[15] M. Ayadi, E. L.AbdelRahmen and N. Chtioui, “Poverty in Tunisia: A Non-Monetary Approach,” PMMA Working Paper 2007-05, Poverty and Economic Policy Research Network, 2008.
[16] J. Galdo, M. Jaramillo and V. Montalva, “Household Wealth and Heterogeneous Impacts of a Market-Based Training Program: The Case of PROJOVEN in Peru,” PMMA Working Paper 2008-02, Poverty and Economic Policy Research Network, 2008.
[17] F. Booysen, R. Burger, G. du Rand, M. von Maltitz and S. van der Berg, “Trends in Poverty and Inequality in Seven African Countries,” PMMA Working Paper 2007-06, Poverty and Economic Policy Research Network, 2007.
[18] M. Ayadi, M. Salah and M. P. Victoria-Feser, “Putting Robust Statistical Methods into Practice: Poverty Analysis in Tunisia,” Swiss Journal of Economics and Statistics, Vol. 137, No. 3, 2001, pp. 463-482.
[19] L. M. Asselin, “Multidimentional Poverty: Composite Indicator of Multidimentional Poverty,” Institut de Ma- thematique Gauss: Levis, Quebec, 2002.
[20] J. E. Foster, J. Greer and E. Thorbecke, “A Class of Decomposable Poverty Measures,” Econometrica, Vol. 52, No. 3, 1984, pp. 761-776. doi:10.2307/1913475
[21] G. S. Maddala, “Limited Dependent and Qualitative Variables in Econometrics,” Cambridge University Press, 1983.
[22] T. Amemiya, “Qualitative Response Models: A Survey,” Journal of Economic Literature, Vol. 19, No. 4, 1981, pp. 1483-1536.
[23] X. Wang, S. Yao, J. Liu, X. Xin, X. Liu and W. Ren, “Measuring Rural Poverty in China: A Case Study Approach,” PMMA Working Paper 2007-27, Poverty and Economic Policy Research Network, 2007.
[24] F. Sonja and W. Lindsay, “Determinants of Poverty in Sierra Leone,” ESAU Working Paper 19, Oversea Development Institute, London, 2007.
[25] P. Lanjouw and M. Ravallion, “Poverty and Household size,” The Economic Journal, Vol. 105, No. 433, 1995, pp. 1415-1434. doi:10.2307/2235108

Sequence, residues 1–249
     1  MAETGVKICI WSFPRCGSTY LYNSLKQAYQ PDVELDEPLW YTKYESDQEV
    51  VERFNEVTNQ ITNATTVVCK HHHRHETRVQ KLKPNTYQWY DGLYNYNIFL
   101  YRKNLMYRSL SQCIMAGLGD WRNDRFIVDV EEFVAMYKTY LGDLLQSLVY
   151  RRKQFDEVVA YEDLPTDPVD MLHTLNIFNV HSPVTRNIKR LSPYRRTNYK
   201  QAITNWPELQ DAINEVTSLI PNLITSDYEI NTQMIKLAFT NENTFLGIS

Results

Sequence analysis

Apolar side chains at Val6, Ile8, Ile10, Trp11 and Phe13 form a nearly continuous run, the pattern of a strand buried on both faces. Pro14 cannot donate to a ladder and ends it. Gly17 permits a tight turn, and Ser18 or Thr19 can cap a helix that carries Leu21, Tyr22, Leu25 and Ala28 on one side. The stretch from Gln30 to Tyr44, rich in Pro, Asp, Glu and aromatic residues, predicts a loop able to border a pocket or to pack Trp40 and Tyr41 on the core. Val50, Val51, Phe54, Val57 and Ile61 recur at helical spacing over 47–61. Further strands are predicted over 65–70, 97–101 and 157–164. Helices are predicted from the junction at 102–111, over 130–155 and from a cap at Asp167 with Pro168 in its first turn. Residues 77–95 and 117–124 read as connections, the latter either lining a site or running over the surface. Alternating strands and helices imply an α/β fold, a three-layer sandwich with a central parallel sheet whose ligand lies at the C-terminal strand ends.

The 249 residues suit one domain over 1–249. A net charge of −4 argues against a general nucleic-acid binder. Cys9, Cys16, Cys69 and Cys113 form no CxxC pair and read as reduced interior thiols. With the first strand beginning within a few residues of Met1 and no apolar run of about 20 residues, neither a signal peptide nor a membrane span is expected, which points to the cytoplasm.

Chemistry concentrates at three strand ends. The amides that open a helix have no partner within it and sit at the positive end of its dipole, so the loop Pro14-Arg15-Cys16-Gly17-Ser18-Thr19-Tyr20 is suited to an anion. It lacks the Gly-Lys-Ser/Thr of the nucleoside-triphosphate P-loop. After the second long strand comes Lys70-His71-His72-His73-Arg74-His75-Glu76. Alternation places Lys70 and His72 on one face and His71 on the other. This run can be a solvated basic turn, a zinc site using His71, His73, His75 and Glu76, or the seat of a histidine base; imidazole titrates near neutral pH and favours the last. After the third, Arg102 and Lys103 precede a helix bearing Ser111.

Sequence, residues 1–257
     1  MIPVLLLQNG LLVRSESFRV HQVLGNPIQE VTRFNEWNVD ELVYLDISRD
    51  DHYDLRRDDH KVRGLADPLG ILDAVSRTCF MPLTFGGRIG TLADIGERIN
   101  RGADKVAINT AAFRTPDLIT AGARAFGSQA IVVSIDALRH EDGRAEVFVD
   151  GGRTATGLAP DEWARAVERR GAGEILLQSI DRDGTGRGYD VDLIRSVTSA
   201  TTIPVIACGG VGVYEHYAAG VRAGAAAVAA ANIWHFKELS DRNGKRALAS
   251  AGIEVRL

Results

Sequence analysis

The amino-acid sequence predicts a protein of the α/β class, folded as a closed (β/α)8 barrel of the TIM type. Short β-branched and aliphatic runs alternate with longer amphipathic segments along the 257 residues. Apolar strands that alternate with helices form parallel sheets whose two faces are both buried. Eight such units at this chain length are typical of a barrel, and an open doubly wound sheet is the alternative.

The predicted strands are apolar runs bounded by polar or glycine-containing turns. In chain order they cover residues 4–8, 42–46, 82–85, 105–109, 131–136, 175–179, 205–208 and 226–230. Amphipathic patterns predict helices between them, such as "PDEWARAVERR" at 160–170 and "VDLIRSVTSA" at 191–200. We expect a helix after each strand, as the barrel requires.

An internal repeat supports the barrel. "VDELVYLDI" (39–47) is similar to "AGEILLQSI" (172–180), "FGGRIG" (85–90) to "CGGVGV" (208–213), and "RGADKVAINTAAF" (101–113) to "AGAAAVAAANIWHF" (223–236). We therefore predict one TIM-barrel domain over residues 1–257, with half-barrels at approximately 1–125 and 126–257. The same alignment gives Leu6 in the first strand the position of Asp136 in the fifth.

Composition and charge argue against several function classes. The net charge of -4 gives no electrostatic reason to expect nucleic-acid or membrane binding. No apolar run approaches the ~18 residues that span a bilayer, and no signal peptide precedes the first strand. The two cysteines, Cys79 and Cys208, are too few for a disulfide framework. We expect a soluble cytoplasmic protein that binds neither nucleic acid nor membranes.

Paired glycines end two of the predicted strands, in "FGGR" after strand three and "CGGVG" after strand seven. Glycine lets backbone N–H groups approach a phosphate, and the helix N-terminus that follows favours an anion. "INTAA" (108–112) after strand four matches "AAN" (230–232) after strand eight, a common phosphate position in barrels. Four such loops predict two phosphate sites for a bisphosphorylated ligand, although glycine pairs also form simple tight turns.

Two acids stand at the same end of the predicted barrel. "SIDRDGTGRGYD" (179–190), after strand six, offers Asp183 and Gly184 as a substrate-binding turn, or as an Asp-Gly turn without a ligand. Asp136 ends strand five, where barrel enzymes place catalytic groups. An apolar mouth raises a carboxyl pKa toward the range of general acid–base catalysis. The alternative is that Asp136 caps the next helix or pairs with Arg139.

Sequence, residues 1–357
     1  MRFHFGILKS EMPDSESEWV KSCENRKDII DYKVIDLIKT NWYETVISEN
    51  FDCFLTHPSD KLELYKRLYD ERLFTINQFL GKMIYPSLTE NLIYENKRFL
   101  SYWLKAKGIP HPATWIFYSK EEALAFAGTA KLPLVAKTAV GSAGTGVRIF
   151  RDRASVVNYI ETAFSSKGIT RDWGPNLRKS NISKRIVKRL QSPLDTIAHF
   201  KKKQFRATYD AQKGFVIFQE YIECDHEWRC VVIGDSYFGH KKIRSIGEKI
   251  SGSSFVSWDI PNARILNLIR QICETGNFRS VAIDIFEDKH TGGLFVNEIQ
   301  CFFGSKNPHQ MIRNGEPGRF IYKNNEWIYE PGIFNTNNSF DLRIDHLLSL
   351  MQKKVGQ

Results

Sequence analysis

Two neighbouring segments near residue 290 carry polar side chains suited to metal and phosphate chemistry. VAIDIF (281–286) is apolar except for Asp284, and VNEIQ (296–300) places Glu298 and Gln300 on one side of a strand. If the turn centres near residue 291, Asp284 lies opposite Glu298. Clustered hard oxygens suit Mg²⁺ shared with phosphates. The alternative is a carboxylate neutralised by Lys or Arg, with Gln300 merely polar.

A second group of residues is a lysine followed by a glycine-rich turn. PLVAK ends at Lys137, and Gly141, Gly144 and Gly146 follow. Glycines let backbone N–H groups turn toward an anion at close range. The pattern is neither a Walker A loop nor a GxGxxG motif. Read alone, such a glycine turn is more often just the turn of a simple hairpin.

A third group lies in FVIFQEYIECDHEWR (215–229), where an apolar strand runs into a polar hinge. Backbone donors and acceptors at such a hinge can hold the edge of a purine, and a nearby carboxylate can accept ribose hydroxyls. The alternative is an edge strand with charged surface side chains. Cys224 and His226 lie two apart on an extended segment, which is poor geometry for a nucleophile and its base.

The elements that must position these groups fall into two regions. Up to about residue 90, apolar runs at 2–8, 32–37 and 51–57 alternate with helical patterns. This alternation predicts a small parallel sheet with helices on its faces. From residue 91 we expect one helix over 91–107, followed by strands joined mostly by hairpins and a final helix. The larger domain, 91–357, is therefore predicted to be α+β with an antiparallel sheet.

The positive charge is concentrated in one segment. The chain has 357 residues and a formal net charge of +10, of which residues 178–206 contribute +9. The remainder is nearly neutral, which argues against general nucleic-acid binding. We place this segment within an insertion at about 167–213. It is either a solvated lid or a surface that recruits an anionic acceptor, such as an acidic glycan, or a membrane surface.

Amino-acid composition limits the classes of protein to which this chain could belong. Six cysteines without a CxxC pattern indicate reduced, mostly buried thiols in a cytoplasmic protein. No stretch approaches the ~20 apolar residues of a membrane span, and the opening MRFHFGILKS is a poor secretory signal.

[26] S. Mukherjee and B. Todd, “Determinants of Poverty in Malawi,” World Development, Vol. 31, No. 2, 2003, pp. 339-358. doi:10.1016/S0305-750X(02)00191-2
[27] K. Simler, S. Mukherjee, G. Dava and G. Datt, “Rebuilding after War: Micro-Level Determinants of Poverty Reduction in Mozambique,” IFPRI Working Paper Series 132, Washington, 2004.
[28] P. Glewwe, “Investing Determinants of Household Welfare in Cote d’Ivoire,” Journal of Development Economics, Vol. 35, No. 2, 1991, pp. 307-337. doi:10.1016/0304-3878(91)90053-X
[29] T. Bruck, “Determinants of Rural Poverty in Post-War Mozambique: Evidence from a Household Survey and Implications for Government and Donor Policy,” Queen Elisabeth House Working Paper Series No. 67, Oxford University, Oxford, 2001.
[30] C. Grootaert, O. Gi-Taik and A. Swamy, “Social Capital, Household Welfare and Poverty in Burkina Faso,” Journal of African Economies, Vol. 86, No. 2, 2002, pp. 15-19.
[31] H. P. Binswanger and J. von Braun, “Technological Changes and Commercialization in Agriculture: The Effect on the Poor,” World Bank research Observer, Vol. 6, No. 1, 1991, pp. 57-80. doi:10.1093/wbro/6.1.57
[32] M. R. Bellon, M. Adato, J. Bercerril and D. Mindek, “Poor Farmers’ Perceived Benefits from Different Types of Maize Germplasm: The Case of Creolization in Low Land Tropical Mexico,” World Development, Vol. 34, No. 1, 2006, pp. 113-129. doi:10.1016/j.worlddev.2005.05.012
[33] K. Yoko, O. Keijiro and D. Sserunkuuma, “Assessing the Impact of NERICA on Income and Poverty in Central and Western Uganda,” Agricultural Economics, Vol. 38, No. 3, 2008, pp. 327-337. doi:10.1111/j.1574-0862.2008.00303.x
[34] J. Bercerril and A. Abdulai, “The Impact of Improved Maize Varieties on Poverty in Mexico: A Propensity Score-Matching Approach,” World Development, Vol. 38, No. 7, 2010, pp. 1012-1023.
[35] A. de Janvry and E. Sadouley, “World Poverty and the Role of Agricultural Technology: Direct and Indirect Effect,” Journal of Development Studies, Vol. 38, No. 4, 2001, pp. 1-26. doi:10.1080/00220380412331322401

  
comments powered by Disqus

Copyright © 2019 by authors and Scientific Research Publishing Inc.

Creative Commons License

This work and the related PDF file are licensed under a Creative Commons Attribution 4.0 International License.